Keeping Music Evil
I catch my reflection in the car windows lining the street. A flash passes through the tinted glass as I walk by. I stop. My cigarette bounces off the curb into the sewer and the bar’s windows are shaking with the reverb. The bar is loud, but the haze of lights and smoke soothes the shock of sound. The Black Angels hover on the stage in a fit of psychedelic dirge. It’s beautiful and scary. The bar is loud and it’s getting darker.
The Black Angels make things seem cooler than they are. Rap videos have slow motion, bad dancers have strobe lights, and now timid rock rebels everywhere have the Black Angels. From their name right down to their quoting of Edvard Munch on their debut album Passover, this Austin, Texas seven-piece has a serious penchant for drawing out the entrancing elements of the darker stuff. It’s all gloom and doom, but it slinks along so sexy that it seems more vital than grave.
Shading their stomping groove with echo and drone, this band is something wonderful: spellbinding. They’ve returned after their winter-released debut EP with this impressive 10-song collection (including three passed over from that release), proving they’re no fluke. Seeming like something from a scene in Apocalyspe Now—if Scorsese had directed it—Passover comes off like an aural manifestation of a journey into darkness.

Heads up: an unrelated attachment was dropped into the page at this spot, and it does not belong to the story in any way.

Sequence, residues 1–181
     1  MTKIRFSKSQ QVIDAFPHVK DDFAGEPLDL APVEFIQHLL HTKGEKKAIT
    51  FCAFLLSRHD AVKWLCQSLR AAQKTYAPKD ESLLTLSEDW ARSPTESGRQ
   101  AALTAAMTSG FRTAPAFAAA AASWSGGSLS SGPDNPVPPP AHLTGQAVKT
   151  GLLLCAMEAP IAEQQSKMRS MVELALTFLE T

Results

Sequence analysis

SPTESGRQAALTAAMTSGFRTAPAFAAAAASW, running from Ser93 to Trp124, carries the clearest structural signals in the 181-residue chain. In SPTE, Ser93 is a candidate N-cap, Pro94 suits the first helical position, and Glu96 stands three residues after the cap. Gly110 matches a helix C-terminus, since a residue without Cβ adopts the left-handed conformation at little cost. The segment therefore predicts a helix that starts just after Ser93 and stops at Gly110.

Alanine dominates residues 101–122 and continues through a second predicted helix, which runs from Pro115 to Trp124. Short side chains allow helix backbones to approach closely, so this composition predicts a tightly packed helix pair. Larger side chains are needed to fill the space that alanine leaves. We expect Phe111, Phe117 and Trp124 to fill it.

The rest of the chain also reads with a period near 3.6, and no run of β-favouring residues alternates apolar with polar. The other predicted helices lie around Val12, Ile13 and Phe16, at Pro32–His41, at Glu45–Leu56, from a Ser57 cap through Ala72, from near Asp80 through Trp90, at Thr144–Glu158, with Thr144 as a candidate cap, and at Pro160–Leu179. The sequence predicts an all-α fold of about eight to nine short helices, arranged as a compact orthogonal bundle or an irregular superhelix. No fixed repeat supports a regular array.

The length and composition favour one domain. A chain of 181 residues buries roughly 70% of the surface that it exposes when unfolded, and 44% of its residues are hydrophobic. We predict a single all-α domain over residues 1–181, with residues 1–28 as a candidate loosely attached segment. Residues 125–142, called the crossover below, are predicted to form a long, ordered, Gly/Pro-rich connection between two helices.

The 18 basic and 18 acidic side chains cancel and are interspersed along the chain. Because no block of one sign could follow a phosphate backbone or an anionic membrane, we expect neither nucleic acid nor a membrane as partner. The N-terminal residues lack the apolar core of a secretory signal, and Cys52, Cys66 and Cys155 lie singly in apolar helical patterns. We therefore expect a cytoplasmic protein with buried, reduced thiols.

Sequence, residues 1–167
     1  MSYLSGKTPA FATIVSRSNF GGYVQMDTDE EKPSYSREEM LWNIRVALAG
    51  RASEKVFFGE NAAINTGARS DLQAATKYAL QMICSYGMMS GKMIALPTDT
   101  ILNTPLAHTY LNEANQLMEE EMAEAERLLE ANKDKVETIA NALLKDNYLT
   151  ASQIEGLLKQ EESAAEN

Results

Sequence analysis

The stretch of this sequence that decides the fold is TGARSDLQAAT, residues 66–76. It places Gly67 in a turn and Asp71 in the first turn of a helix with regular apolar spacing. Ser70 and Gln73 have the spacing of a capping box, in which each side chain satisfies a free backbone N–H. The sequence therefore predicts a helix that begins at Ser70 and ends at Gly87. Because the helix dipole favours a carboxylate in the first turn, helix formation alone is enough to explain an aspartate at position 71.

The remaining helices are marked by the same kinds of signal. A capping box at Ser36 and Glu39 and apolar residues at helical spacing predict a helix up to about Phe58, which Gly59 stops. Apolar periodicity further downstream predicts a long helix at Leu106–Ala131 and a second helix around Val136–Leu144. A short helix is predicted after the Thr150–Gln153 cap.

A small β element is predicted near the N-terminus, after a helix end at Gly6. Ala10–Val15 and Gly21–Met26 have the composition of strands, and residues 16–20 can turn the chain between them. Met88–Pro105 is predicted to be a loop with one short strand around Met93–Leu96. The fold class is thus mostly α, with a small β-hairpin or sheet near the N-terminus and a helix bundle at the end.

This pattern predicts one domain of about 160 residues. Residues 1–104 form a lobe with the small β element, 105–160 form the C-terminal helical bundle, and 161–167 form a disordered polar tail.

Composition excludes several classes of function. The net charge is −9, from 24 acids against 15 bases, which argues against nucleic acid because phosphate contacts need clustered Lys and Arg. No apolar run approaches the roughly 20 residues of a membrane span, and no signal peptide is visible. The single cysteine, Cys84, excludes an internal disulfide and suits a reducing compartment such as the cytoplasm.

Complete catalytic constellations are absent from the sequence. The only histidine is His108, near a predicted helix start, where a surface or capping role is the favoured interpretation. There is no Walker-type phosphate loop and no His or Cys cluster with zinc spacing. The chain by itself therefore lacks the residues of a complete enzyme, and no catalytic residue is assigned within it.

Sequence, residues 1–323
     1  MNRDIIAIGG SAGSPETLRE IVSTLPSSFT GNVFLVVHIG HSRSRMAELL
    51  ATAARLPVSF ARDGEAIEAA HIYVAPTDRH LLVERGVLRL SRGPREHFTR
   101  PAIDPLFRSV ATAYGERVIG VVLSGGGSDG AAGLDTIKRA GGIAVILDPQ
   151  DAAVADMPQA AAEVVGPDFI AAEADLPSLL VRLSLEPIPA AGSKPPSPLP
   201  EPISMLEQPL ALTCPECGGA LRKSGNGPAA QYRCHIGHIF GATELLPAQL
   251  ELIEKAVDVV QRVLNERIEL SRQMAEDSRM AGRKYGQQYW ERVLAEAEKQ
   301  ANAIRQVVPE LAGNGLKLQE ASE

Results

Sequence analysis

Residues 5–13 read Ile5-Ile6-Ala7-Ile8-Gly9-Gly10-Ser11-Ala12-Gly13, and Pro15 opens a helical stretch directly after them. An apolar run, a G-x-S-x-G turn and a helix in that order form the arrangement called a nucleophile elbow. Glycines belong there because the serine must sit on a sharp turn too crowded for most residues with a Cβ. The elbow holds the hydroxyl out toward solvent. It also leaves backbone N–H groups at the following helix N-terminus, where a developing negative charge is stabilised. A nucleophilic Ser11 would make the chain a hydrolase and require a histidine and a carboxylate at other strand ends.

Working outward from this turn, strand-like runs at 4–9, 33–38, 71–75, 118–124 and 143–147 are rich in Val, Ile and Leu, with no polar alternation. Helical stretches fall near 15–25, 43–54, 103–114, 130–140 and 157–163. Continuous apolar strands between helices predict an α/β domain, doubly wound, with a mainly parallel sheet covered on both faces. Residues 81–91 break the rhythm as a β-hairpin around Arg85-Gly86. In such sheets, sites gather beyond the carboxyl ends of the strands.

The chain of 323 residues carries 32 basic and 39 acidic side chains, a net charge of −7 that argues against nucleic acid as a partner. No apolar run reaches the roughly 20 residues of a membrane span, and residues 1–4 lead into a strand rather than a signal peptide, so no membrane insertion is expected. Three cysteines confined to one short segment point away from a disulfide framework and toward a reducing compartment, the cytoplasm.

A band that doesn’t seem inclined to explore any uncharted territory in the world of rock, it’s at least refreshing that they communicate such a sense of danger. And that’s something sorely missing from the often-safe sounding ‘00s rock n’ rollers. Like their noisy press release exclaims, “These are fighting times people.” And sometimes you got to wonder why rock bands don’t have more fight to them these days. Green Day starts dressing in black and wearing eyeliner and suddenly they’re the lead voice of defiance amongst America’s rock musicians? Please; there’s more urgency in the hearts and fists of guitar-toting kids than that.
The Black Angels don’t instill much substance in the rebellion, but at least they get the style right. It’s bleak and it’s easy to get lost in it, but there’s a fire in the middle of it that keeps burning as long as it pounds in your chest and out your fist. Check out the song titles—“Call to Arms”, “Young Men Dead”, “Manipulation”, “Empire”... something tells me this band didn’t cast any votes for the current US administration. But despite the anti-authoritarian bent of Passover, the album doesn’t mire in the boring or preachy. Their protest stance is no pose so it doesn’t end up grating.
The Black Angels pull off this nouveau ‘60s style rebel yell thanks to a simple cinematic aesthetic (it’s crude, it’s so basic). It’s all subterranean tunnels with dangling light bulbs clicking on in sparks. They hold on to that kind of dark mood with death grips—never relaxing their distorted guitars, drone machines and echo boxes. It’s dark and dangerous sounding, and it hardly seems cliché, thanks to a politicized convictions and a delivery as suave as it is strong. Which is to say, they’re a kicking rock band: hotheaded, loud and cool.
// Sound Affects
"The man whose songs were recorded by Johnny Cash, Alan Jackson, Ricky Skaggs, David Allan Coe, The Highwaymen, and countless others succumbs to time’s cruel cue that the only token of permanence we have to offer are the effects of shared moments and memories.READ the article